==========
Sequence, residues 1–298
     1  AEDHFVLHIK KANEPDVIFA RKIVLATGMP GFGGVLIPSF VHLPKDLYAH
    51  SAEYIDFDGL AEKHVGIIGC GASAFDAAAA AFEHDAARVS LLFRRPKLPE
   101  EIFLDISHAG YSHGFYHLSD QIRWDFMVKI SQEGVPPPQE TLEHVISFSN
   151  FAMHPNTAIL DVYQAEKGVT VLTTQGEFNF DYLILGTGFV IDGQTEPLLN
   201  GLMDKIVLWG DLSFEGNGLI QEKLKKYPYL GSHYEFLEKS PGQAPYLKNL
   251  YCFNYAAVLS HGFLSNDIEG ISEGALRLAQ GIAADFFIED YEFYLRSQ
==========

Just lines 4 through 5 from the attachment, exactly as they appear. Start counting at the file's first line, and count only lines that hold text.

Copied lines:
   101  EIFLDISHAG YSHGFYHLSD QIRWDFMVKI SQEGVPPPQE TLEHVISFSN
   151  FAMHPNTAIL DVYQAEKGVT VLTTQGEFNF DYLILGTGFV IDGQTEPLLN